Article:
How fibre optics fire detection technology is improving safety on underground mines.
Once an underground mine fire is ignited it can be very difficult to put it out, with serious consequences for the mine, environment and the nearby community’s health and wellbeing. The Centralia mine fire in Pennsylvania, United States, is one example of fire that has been burning for over 50 years. Another example is the Mount Wingen coal seam fire in Australia which has been burning for 6,000 years.
Critical spots such as conveyor belt entries and other underground locations where significant combustible materials accumulate need special attention in that sense. These hot spots combined with the level of humidity and air pressure variations can impact the underground working environment, compromise equipment operation and life span. They can also create spontaneous combustion, especially of coal, leading to underground mine fires.
The causes of underground mine fires in coal mines are difficult to detect early with traditional fire and heat detection systems. These older technologies also require costly ongoing maintenance and often struggle to perform effectively in dust-filled and rugged mining environments. Underground mines can develop significant hot spot areas due to many factors including:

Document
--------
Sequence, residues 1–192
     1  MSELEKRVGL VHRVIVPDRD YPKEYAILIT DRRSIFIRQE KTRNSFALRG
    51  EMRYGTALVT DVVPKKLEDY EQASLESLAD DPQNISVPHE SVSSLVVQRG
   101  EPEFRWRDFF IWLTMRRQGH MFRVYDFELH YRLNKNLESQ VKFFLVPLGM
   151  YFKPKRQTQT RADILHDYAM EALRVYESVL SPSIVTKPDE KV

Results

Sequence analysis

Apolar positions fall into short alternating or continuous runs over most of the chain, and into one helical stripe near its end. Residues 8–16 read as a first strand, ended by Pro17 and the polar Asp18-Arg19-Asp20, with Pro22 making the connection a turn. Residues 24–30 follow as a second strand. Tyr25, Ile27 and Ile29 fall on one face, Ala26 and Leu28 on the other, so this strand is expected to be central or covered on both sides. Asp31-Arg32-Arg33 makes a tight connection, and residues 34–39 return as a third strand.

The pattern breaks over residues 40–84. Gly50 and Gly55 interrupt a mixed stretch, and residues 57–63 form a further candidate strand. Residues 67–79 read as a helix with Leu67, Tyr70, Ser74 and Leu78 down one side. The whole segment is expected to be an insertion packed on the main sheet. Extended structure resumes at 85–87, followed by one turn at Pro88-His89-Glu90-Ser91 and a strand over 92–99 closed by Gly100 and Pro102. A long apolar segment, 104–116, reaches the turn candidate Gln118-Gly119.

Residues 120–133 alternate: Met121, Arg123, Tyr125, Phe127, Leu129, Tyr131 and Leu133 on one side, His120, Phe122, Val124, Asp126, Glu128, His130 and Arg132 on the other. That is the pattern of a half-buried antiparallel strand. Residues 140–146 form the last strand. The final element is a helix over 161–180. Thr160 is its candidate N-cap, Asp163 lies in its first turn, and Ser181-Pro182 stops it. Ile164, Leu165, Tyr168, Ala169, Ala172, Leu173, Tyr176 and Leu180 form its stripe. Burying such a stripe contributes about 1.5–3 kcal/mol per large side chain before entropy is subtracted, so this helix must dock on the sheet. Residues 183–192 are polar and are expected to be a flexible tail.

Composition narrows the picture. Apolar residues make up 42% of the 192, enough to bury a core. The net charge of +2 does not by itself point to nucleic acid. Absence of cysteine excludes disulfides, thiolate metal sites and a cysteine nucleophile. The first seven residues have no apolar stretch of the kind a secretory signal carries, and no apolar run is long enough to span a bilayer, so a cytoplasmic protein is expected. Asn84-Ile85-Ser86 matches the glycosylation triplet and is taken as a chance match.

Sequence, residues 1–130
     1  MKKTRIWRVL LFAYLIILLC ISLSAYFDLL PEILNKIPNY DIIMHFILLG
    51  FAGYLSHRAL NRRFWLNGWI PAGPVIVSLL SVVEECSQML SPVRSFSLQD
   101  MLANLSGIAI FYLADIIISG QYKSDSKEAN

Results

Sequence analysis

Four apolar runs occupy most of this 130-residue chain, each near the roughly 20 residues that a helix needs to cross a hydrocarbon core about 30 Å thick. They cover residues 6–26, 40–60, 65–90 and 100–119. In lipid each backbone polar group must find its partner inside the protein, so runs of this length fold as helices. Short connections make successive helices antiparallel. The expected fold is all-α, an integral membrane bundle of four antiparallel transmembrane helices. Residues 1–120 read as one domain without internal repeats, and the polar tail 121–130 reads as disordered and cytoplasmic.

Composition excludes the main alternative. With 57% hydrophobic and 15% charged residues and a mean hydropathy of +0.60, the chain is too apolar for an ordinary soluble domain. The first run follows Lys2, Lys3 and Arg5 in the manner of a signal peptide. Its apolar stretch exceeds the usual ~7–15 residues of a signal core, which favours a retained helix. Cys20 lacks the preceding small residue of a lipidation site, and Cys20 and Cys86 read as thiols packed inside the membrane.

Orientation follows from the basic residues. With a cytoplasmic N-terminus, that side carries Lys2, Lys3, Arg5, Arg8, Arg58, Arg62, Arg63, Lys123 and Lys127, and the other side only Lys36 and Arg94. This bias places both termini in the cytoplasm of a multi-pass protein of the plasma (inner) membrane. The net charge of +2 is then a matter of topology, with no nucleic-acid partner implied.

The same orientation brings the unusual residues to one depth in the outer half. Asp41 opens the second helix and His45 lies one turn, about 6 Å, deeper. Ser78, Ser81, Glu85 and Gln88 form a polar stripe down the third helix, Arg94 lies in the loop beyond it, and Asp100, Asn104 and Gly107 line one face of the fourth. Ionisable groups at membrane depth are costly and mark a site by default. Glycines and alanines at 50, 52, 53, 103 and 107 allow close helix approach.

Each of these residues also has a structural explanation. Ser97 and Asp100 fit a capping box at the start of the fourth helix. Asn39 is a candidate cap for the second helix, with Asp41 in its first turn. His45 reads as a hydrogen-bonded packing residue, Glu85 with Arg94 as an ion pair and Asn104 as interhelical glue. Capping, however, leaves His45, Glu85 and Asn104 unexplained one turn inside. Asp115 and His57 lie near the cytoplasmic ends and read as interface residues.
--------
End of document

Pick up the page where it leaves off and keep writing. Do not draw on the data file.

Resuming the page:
- Geological conditions such as spontaneous combustion,
- Length and depth of mine,
- Layout of tunnel routes, inclines, corners, crossroads and dead ends,
- Heat generating equipment such as electrical substations, mechanical crushers and diesel vehicles,
- Failure of lighting or power outlets in the area igniting coal dust,
- Diesel engine fires on mobile equipment and vehicles, and
- Hot hydraulic oil sprays and or leakages.
A number of research and experiments are being conducted to test the effectiveness and safety of different systems in harsh mining conditions. A recent fire experiment conducted by The National Institute for Occupational Safety and Health (NIOSH) was intended to evaluate the performance of carbon monoxide (CO) and smoke sensor systems in underground mines, specifically at low ventilation velocities in a belt entry.